Samsung is still trying to win a U.S. import ban against Apple. While it can't appeal the Obama Administration's veto of the ITC's decision with respect to a standard-essential patent, it is seeking appellate review of the ITC's simultaneous and unfavorable liability findings with respect to other patents-in-suit. The ITC ruling came down in early June, and in mid-July Samsung filed the following notice of appeal with the United States Court of Appeals for the Federal Circuit (this post continues below the document):
The notice of appeal lists three patents with respect to which the ITC affirmed the Administrative Law Judge's findings of no violation. But Samsung has yet to file its opening brief, and it's not a given that it will pursue all three patents on appeal. In particular, Samsung won't win an import ban over U.S. Patent No. 7,486,644 on a "method and apparatus for transmitting and receiving data with high reliability in a mobile communication system supporting packet data transmission", another UMTS declared-essential patent. Even if Samsung achieved a reversal of the ITC's finding of no liability, the public-interest rationale underlying the Obama Adminstration's veto wouldn't be different from the situation surrounding the '348 patent, over which the ITC wanted to order an import ban.
Maybe Samsung will pursue an appeal with respect to the '644 patent anyway -- even though it won't obtain any remedies from the ITC -- and then go back to district court for a damages award. But it might as well abandond this patent on the ITC track and ask the United States District Court for the District of Delaware to resume the proceedings with respect to Samsung's SEPs, as I suggested in a Sunday post. Samsung is free to seek FRAND compensation in district court.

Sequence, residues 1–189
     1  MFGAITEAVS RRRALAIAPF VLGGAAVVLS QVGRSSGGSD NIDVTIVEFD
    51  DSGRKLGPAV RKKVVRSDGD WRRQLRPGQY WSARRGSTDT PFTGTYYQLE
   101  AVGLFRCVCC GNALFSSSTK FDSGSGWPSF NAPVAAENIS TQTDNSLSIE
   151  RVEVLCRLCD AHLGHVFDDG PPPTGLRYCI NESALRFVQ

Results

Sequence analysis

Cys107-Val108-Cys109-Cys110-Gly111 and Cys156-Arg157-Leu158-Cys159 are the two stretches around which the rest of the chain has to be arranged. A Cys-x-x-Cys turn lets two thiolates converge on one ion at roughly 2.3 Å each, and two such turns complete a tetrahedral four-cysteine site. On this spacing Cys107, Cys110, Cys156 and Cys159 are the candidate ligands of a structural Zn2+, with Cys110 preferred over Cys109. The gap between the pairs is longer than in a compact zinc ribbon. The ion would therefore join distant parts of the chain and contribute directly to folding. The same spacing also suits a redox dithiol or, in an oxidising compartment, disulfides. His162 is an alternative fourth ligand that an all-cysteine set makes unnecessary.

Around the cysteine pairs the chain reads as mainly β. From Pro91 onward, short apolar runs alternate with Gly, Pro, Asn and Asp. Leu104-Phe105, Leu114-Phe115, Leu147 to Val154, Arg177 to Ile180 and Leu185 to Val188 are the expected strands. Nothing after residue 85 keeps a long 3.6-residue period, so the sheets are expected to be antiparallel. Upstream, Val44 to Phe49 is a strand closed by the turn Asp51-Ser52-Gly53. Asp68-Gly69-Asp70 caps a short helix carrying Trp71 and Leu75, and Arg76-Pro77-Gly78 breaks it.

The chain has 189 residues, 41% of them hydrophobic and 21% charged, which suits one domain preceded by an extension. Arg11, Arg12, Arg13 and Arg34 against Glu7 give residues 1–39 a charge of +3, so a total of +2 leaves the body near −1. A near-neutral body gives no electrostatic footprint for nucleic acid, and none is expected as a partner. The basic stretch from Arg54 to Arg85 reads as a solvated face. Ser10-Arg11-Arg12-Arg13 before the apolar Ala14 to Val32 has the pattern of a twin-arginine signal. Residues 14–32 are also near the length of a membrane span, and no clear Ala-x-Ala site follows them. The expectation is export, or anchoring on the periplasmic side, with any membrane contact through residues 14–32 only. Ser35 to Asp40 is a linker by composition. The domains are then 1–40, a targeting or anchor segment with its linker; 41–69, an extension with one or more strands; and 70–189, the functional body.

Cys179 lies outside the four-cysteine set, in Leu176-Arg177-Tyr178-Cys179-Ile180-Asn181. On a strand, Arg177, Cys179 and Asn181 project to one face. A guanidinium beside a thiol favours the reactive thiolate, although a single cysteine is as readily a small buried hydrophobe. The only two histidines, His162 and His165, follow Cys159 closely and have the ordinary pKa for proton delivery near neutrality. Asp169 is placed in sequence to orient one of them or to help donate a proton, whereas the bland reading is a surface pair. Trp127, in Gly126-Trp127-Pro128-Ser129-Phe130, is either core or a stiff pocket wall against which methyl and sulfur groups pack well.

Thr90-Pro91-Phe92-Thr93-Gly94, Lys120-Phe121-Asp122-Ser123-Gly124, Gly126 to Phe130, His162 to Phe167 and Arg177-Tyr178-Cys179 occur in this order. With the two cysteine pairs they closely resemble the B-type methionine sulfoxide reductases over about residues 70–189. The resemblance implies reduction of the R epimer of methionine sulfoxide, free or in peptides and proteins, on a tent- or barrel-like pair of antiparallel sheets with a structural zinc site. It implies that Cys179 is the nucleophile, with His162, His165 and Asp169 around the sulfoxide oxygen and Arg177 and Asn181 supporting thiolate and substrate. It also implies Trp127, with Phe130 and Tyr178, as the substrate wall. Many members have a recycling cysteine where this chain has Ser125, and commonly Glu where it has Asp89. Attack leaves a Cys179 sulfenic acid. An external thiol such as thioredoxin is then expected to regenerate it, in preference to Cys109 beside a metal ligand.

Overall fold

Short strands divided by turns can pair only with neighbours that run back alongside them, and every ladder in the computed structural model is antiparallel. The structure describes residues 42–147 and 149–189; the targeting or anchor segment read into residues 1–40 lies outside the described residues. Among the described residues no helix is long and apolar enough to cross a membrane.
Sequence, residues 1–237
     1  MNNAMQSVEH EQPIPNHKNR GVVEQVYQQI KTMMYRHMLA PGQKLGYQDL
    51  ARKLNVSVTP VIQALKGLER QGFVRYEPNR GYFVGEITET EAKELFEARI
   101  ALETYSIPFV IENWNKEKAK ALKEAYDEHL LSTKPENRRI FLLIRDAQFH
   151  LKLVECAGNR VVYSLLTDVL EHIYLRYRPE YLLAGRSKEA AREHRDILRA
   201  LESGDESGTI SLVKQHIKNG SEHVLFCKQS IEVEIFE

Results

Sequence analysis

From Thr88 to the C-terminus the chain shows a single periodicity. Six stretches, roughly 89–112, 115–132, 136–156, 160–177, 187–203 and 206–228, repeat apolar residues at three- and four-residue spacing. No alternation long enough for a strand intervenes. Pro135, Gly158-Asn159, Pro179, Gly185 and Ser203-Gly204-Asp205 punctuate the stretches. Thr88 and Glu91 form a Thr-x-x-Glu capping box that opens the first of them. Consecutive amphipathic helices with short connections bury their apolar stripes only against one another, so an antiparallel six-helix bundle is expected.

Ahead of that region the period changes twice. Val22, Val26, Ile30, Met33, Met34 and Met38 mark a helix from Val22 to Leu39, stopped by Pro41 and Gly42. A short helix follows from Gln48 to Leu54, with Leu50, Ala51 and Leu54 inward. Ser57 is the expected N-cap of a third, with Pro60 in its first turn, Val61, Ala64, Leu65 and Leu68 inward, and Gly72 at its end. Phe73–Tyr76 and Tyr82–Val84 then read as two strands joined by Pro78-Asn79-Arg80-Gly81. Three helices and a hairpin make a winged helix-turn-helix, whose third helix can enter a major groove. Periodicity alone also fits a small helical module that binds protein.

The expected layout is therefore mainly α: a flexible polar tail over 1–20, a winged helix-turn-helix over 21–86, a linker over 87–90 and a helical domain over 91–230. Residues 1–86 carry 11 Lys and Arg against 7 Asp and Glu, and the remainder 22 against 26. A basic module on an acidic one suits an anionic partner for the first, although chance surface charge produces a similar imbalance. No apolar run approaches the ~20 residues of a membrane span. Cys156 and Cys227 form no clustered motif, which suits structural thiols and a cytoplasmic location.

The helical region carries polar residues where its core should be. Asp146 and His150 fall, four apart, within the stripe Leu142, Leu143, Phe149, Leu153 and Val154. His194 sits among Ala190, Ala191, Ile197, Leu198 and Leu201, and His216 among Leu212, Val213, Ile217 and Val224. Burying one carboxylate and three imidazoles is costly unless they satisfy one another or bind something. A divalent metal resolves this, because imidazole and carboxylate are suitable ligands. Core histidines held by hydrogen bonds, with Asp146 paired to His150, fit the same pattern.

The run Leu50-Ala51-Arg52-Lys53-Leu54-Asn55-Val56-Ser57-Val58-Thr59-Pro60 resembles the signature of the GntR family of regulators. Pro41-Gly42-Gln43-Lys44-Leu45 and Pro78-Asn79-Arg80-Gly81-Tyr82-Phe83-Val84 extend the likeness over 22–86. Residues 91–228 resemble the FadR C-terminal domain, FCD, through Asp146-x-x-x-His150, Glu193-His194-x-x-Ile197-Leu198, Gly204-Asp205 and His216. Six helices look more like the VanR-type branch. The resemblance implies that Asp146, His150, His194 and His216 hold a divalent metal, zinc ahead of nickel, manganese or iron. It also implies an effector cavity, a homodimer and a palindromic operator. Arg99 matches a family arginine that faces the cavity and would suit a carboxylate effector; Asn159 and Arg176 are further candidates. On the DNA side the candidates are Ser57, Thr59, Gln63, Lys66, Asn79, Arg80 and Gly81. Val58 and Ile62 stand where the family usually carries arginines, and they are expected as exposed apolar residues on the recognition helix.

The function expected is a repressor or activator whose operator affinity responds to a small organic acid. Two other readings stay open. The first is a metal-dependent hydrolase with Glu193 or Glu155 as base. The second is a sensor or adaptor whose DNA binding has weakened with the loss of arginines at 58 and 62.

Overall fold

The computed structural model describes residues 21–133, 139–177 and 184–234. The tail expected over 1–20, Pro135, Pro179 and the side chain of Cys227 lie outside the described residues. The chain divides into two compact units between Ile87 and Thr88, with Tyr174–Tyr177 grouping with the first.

For the reasons I explained, only the two non-standard-essential patents at issue in Samsung's appeal could potentially result in an import ban:
U.S. Patent No. 6,771,980 on a "method for dialing in a smart phone"
U.S. Patent No. 7,450,114 on "user interface systems and methods for manipulating and viewing digital documents"
Back in October I analyzed the Administrative Law Judge's initial determination and concluded that the '348 patent -- the SEP over which Samsung won the ban that got vetoed -- was its best shot. The other SEP appeared to be a "steep challenge", but still Samsung's second-best shot. The two non-SEPs, however, are long shots:
The '114 patent on manipulating and viewing digital documents was "probably the most difficult patent for Samsung to prevail on". The judge and the ITC staff agreed that it was invalid, for multiple reasons. Even if Samsung overcame the finding of non-novelty, "there would still be multiple ways to prove it obvious". Infringement is a close call: the judge didn't find an infringement, while the staff did.
The '980 patent for a dialing method was not found infringed (neither by the judge nor the staff). If a broader claim constructions resulted in a finding of infringement, Samsung might still not satisfy the ITC's domestic industry requirement, but even if it did, a broad interpretation could render the patent invalid. Still, the '980 patent appears more interesting (relatively speaking) to me than the '114 patent. But neither of these non-SEPs is, in my view, worth the delay of a potential damages award in district court over the '348 patent.
Parties have appealed (unless the disputes were settled) pretty much all of the ITC decisions in the smartphone patent cases I watch, and some other appeals were no less of a long shot than Samsung's latest appeal.
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